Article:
With all due respect to Anne Lenox, I would and I do lie. And so do my kids, what feels like dozens of times each day. It’s one of our biggest family issues. Anyone who tells you differently is, well…
Yep, even pastor’s kids. (Mine are double PK’s, after all. Some have said the poor kids don’t stand a chance. But I believe they do!)
So, back to lying. Whether it’s the kids’ “I brushed my teeth,” or the parental “I never promised you that,” or anyone’s “I’ll do it in a minute” doozie, lying impacts how we relate to one another. Trust can be broken quick as a wink, but takes a longer time to restore it. So how do we cope with lying?
In my well-thumbed copy of Parenting with Love and Logic by Jim Fay Foster Cline, the section on lying is dog-eared, most worn of all. It recommends being empathetic first, “Gee, I can see how it’d be tempting to tell a whopper on this one,” then holding your boundary kindly, without anger.* It is amazing how toothbrushes for younger kids and car keys for teens can become powerful teaching tools about lying.
In our house, one with ADHD and impulse control issues admits that lies just pop off the tongue unexpectedly, with ridiculous claims and promises squirting out of the child’s mouth at any given minute. We use a “Whoops. I got that wrong” instant admission option for this one. It still takes courage to admit the lie, but the child has been learning it is way better to admit right away, than to let it snowball.
What about the parental lies we tell? “Sure I’m watching you (for the tenth time in a row).” My son once called me out, “No mommy, watch me with BOTH eyes.” Or the many variations on the parents’ guilt-induced promise, “I’ll make it up to you. I’ll buy you a pony.” My most frequent seems to be, “Yep, I’ll put your clothes in the dryer for you.” But then I don’t bother to set an alarm or take action to make my promise happen.
I’m certain our kids learn more from our keeping or not keeping our promises (and from our often-overheard, white lies) than they learn from our lectures. How do we handle it when caught? Can we swallow our pride? Keep a firm commitment to truth, even to our own discomfort? (Thanks to Steve Hayner, who taught us that.) Apologize when we get it wrong and work to make it right? Have some “fierce conversations” to face reality and reestablish truth and trust?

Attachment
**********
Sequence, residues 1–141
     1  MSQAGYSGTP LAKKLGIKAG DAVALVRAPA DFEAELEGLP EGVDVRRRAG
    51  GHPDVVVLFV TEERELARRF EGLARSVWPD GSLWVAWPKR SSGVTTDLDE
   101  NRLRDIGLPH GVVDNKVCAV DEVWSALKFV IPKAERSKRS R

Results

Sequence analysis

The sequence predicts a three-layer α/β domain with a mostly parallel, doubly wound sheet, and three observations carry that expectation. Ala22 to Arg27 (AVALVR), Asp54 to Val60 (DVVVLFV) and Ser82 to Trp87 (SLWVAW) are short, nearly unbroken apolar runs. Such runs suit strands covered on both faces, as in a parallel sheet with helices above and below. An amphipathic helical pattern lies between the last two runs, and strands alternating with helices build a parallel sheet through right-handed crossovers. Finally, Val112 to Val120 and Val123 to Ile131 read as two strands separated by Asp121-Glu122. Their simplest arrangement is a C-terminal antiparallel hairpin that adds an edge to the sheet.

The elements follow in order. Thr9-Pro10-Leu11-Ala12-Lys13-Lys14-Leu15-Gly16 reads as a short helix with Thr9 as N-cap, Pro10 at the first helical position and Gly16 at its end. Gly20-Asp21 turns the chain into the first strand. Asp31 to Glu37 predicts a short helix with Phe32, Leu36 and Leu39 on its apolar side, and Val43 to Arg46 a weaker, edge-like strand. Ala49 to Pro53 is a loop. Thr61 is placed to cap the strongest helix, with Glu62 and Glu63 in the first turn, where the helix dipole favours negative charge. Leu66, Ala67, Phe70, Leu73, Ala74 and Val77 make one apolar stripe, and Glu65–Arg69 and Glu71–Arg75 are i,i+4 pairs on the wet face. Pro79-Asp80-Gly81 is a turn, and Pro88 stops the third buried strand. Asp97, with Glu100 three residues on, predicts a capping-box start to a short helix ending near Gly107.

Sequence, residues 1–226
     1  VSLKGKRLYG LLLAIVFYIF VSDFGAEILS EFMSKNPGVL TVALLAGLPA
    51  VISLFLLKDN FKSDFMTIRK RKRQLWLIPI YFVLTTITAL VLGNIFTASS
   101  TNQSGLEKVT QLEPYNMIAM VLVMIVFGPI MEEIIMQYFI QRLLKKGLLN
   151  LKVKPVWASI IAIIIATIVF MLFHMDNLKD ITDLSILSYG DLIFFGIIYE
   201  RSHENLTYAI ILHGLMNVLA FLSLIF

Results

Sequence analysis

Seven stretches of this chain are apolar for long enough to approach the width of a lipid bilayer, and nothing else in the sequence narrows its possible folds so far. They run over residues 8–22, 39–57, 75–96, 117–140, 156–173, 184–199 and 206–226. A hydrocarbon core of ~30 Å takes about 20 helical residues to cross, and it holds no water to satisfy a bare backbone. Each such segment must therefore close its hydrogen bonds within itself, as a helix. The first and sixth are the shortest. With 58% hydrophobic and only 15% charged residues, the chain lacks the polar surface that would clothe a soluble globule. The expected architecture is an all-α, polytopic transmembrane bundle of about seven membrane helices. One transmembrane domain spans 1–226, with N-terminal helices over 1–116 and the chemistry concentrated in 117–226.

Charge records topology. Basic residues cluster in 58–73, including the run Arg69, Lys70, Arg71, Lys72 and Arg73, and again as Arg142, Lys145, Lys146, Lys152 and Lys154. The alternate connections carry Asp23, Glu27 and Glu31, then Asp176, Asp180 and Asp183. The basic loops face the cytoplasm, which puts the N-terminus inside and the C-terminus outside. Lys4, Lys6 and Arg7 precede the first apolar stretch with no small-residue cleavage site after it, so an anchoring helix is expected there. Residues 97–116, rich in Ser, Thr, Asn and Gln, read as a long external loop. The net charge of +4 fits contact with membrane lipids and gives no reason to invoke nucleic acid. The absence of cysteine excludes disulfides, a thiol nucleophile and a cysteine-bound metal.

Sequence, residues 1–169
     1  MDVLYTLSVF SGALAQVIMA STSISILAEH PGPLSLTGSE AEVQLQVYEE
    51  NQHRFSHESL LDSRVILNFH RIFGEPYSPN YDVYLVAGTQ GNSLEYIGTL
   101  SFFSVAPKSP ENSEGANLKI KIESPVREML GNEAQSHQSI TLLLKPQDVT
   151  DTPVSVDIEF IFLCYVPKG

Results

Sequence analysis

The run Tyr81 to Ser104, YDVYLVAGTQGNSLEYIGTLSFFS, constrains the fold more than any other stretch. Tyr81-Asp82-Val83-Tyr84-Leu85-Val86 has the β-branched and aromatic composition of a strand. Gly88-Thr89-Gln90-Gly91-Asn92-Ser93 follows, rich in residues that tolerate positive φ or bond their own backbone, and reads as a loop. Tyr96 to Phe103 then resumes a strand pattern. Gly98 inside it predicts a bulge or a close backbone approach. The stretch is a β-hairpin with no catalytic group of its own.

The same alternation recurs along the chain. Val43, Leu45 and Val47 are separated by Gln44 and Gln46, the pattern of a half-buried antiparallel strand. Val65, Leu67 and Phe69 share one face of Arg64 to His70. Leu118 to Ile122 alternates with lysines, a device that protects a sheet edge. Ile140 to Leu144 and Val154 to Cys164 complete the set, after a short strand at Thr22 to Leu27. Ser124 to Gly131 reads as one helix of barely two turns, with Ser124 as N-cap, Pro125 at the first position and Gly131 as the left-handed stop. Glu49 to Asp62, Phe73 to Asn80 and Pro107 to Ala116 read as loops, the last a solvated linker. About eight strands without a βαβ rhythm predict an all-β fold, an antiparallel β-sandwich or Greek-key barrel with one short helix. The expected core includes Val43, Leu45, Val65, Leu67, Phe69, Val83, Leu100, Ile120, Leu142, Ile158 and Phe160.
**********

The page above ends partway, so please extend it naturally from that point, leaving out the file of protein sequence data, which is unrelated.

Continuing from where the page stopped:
A few years ago, I went ballistic when a child was only coming clean on the smallest fraction, the tiniest percentage of what they had done. More and more crud kept coming to light. A counselor explained, “Any teenager is only gonna admit to what we catch them on, when we absolutely prove they’ve done it. Maybe that much. It’s self-preservation. Don’t expect anything else.” Wise parents beware kids’ words, “I swear it’s true!”
The Bible addresses this, “Simply let your ‘yes’ be ‘yes’ and your ‘no’ be ‘no.’ Anything beyond this comes from the evil one” (Matthew 5:37, NIV). But as always, let’s use Scripture to train and rebuke with gentleness, not as a tool with which to hammer our kids (or ourselves).
One time I asked four-year-old CC why she said ‘that.’ She threw up her hands and replied, “The devil.” She was a Church Lady, long before she saw Dana Carvey in the SNL skit. And apparently a Presbycostal, for she stepped out onto the porch, raised her hands to heaven and prayed loudly, “O Lord, help me to obey my mommy so I can do what’s right.” She stepped back inside, brushing her hands off, “Well, that’s taken care of.”
Funny, but she made a good point. We can also pray with and for each other, asking the Holy Spirit to help us be truthful and to forgive us when we’ve screwed up. But only if we’re ready to keep it real. Kids have incredibly accurate lie detectors.
Can we afford to say “I’m sorry” or “I forgive you” only when we are good and ready to mean it? Do feel free to wait. It may not have taken much time to construct that whopper, but it does take time to repair it. Sometimes we say those loving words first and only THEN do we discover we mean them. Our kids, our spouses, our own selves are in need of more grace, not less. Let’s try to lavish it when we can!
Rev. Steve Weed tells of a man who wrote a note and tucked it into the glovebox of his shiny, new sports car, with the insurance papers, just in case. The note read, “Honey, if you need to use these papers, remember I love you more than this car.” She discovered it the very moment she needed TLC (and a tow truck).
That’s grace. When we offer it unexpectedly, it always arrives with great welcome. It’s the most powerful tool we parents have, along with firm boundaries and toothbrushes. Grace.
*For more details on the Love and Logic approach including the classes which I facilitate, go to http://www.loveandlogic.com, and specifically for dealing with lying, go to http://www.loveandlogic.com/p-661-childhood-lying-stealing-and-cheating-mp3-download.aspx